Archive for the ‘Outbreaks’ Category

Campylobacteriosis in Iceland

Wednesday, August 6th, 2014

A recent posting in ProMED belies the fact that Iceland reports the lowest rates of campylobacteriosis in that region of Europe. [1-2] See graph [3] Note that an earlier outbreak (436 cases) was reported in 1999.

IcelandCampy

References:
1. Berger SA. Infectious Diseases of Iceland, 2014 371 pages, 75 graphs, 1,455 references. Gideon e-books, http://www.gideononline.com/ebooks/country/infectious-diseases-of-iceland/
2. Berger SA. Campylobacteriosis: Global Status, 2014 104 pages, 96 graphs, 1,073 references. Gideon e-books, http://www.gideononline.com/ebooks/disease/campylobacteriosis-global-status/
3. Gideon graph tool at http://www.gideononline.com/wp/wp-content/uploads/Gideon-Graphs.pps

Outbreaks of Non-tubercuous Mycobacterial Infection in the United States

Wednesday, July 23rd, 2014

The following chronology of nosocomial mycobacteriosis outbreaks in the United States is abstracted from Gideon www.GideonOnline.com and the Gideon e-book series. [1,2] Primary references available on request.

1987 – An outbreak (17 cases) of Mycobacterium chelonae otitis media was caused by contaminated water used by an ENT practice in Louisiana.
1988 – An outbreak (8 cases) of foot infections due to Mycobacterium chelonae subspecies abscessus infections were associated with a jet injector used in a podiatric office.
1989 to 1990 – An outbreak (16 cases) of sputum colonization by Mycobacterium fortuitum was reported among patients on an alcoholism rehabilitation ward in Washington, D.C.
1991 (publication year) – An outbreak (6 cases) of Mycobacterium fortuitum infection in Washington was associated with contaminated electromyography needles.
1995 to 1996 – An outbreak (87 cases) of postinjection abscesses due to Mycobacterium abscessus in several states was ascribed to an adrenal cortex extract.
1998 – An outbreak (6 cases) of Mycobacterium mucogenicum bacteremia among bone marrow transplant and oncology patients in Minnesota was related to contaminated water.
1999 – An outbreak (10 cases) of intra- and periarticular Mycobacterium abscessus infection in Texas was caused by contaminated benzalkonium chloride used for injection.
2000 to 2001 – An outbreak (110 cases) of skin infections due to Mycobacterium fortuitum was caused by contaminated footbaths in California nail salons.
2001 – An outbreak of Mycobacterium chelonae keratitis in California was associated with laser in situ keratomileusis (LASIK).
2001 to 2002 – An outbreak of Mycobacterium simiae in a Texas hospital was related to contaminated tap water.
2002 – An outbreak (14 confirmed and 11 suspected cases) of soft tissue infections due to Mycobacterium abscessus followed injections of cosmetic substances administered by unlicensed practitioners in New York City.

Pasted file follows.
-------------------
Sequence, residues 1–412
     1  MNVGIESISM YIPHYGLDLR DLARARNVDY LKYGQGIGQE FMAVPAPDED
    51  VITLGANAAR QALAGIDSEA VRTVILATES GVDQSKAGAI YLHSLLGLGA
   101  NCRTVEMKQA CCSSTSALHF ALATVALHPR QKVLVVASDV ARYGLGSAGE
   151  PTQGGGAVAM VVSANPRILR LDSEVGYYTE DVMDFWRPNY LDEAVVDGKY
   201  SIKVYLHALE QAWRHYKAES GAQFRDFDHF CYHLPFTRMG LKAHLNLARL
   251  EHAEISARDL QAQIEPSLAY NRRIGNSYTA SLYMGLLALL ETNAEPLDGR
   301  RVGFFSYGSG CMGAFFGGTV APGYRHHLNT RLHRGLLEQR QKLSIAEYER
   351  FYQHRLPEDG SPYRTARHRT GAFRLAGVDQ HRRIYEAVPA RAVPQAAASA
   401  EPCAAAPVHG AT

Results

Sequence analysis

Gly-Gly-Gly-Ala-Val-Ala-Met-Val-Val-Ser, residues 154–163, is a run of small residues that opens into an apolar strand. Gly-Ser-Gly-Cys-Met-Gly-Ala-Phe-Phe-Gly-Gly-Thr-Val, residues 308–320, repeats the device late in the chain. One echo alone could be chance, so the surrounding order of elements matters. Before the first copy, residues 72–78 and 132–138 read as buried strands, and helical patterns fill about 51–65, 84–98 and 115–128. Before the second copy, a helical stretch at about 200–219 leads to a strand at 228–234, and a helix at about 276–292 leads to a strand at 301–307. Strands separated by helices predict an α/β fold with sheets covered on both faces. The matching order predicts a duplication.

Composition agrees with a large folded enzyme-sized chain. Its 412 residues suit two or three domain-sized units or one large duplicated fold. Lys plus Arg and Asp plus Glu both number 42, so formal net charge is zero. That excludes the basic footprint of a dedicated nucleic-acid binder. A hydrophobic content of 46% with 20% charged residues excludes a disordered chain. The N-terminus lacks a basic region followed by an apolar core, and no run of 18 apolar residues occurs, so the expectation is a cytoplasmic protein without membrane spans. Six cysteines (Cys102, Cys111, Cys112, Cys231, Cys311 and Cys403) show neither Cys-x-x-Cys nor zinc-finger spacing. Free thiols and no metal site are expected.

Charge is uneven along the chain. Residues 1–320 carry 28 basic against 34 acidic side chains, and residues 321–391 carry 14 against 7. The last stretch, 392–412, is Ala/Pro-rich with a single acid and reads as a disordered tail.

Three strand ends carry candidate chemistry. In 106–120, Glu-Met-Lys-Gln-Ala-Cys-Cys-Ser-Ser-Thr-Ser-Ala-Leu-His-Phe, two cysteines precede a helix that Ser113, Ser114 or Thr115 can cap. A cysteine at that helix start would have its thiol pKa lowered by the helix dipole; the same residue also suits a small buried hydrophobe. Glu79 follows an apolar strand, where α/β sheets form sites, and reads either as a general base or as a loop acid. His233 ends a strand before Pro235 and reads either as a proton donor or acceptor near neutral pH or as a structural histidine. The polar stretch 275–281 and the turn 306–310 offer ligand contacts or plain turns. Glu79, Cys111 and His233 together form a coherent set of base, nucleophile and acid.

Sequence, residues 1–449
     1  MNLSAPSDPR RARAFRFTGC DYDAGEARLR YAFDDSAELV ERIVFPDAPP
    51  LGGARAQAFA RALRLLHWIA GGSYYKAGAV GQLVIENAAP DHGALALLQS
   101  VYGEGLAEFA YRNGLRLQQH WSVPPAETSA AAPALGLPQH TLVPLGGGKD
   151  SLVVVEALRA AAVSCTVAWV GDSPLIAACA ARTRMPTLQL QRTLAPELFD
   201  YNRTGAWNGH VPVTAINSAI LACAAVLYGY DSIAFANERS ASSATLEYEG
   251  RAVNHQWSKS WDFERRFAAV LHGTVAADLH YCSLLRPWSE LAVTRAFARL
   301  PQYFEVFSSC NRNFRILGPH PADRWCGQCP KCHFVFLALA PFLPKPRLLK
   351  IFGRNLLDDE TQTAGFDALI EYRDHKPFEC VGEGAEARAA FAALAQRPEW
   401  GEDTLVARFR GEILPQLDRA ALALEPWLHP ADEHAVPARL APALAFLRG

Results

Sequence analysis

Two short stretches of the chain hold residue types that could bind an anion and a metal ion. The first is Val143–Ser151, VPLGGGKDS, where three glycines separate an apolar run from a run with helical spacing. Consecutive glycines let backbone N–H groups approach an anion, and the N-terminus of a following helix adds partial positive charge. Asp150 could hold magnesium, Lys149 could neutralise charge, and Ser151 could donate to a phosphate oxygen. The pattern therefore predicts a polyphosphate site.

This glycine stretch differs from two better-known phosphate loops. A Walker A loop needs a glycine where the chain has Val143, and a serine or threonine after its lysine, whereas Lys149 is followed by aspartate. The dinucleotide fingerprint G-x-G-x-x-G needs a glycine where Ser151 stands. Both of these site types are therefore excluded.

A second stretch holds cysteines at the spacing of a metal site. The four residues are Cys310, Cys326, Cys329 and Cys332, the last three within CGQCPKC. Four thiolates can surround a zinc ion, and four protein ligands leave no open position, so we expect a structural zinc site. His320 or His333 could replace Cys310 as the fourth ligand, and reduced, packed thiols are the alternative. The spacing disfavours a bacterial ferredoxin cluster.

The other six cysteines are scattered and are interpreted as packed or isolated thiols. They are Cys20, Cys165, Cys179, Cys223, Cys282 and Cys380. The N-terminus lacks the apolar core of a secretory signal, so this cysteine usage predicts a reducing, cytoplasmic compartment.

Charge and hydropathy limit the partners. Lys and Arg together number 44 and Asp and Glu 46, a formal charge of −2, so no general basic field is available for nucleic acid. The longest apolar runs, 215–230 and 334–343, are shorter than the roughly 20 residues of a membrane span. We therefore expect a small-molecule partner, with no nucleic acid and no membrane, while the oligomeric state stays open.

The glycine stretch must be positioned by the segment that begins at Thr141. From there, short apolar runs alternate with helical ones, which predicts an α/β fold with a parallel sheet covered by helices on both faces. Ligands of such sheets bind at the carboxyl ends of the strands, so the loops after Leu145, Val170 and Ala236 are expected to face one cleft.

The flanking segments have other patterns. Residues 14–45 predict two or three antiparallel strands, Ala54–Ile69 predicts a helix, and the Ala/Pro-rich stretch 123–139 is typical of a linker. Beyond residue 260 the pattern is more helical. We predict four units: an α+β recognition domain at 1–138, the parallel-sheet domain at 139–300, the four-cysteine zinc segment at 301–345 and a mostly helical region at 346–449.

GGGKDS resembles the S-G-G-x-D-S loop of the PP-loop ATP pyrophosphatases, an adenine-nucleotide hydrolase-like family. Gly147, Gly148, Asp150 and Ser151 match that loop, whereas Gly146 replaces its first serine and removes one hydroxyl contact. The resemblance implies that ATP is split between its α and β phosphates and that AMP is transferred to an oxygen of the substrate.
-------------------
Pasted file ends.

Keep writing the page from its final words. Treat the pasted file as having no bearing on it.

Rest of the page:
2002 – An outbreak (115 cases or more) of cutaneous infection by Mycobacterium fortuitum was associated with a contaminated footbath in a nail salon in California.
2002 (publication year) – An outbreak (34 cases) of Mycobacterium chelonae soft tissue infection in California was associated with liposuction.
2002 to 2003 – An outbreak (4 cases) of Mycobacterium chelonae infection among patients undergoing rhytidectomies in New Jersey was caused by a contaminated methylene blue solution.
2003 – An outbreak (3 cases) of Mycobacterium goodii infection was associated with surgical implants in a Colorado hospital.
2004 – An outbreak (12 cases) among Americans of soft tissue infections caused by Mycobacterium abscessus following cosmetic surgery performed at various clinics in the Dominican Republic.
2004 – An outbreak (143 cases) of mycobacterial skin and soft tissue infection (presumed M. fortuitum) was reported among persons attending nail salons in California.
2008 – An outbreak (4 cases) of Mycobacterium mucogenicum bloodstream infections was reported among patients with sickle cell disease, in North Carolina.
2009 (publication year) – An outbreak (6 cases) of Mycobacterium chelonae infection was associated with a tattoo establishment.
2009 – An outbreak (2 cases, 1 confirmed) of Mycobacterium haemophilum skin infection was associated with a tattoo parlor in Washington State.
2011 (publication year) – An outbreak (3 cases) of Mycobacterium bolletii/M. massiliense furunculosis was associated with a nail salon in North Carolina.
2011 (publication year) – An outbreak of Mycobacterium abscessus infection was associated with outpatient rhytidectomies.
2011 – An outbreak (2 cases) of Mycobacterium haemophilum infection was reported among persons receiving tattoos in the Seattle, Washington region. {m 201108122444}
2011 (publication year) – An outbreak (11 cases) of Mycobacterium porcinum infection in a Texas hospital was related to contamination of drinking water.
2011 to 2012 – An outbreak (19 cases) of Mycobacterium chelonae infection involving multiple states was associated with contaminated ink used in tattoo parlors.
2011 to 2012 – An outbreak (15 cases) of infection by rapidly-growing mycobacteria was reported among pediatric hematopoietic cell transplant in a Minnesota hospital.
2013 – An outbreak (2 cases) of non-tuberculous mycobacterial infection was associated with fractionated CO2 laser resurfacing procedures performed at a clinic in North Carolina.
2013 to 2014 – An outbreak (19 cases) wound infection was reported among Americans who had traveled to the Dominican Republic for cosmetic surgery – including 12 due to Mycobacterium abscessus and 2 Mycobacterium fortuitum
2014 – An outbreak (15 cases, 4 fatal) of Mycobacterium abscessus infection in a South Carolina hospital was associated with contact of equipment with contaminated tap water.

References:
1. Berger SA. Infectious Diseases of the United States, 2014. 1145 pages, 478 graphs, 12,294 references. Gideon e-books, http://www.gideononline.com/ebooks/country/infectious-diseases-of-the-united-states/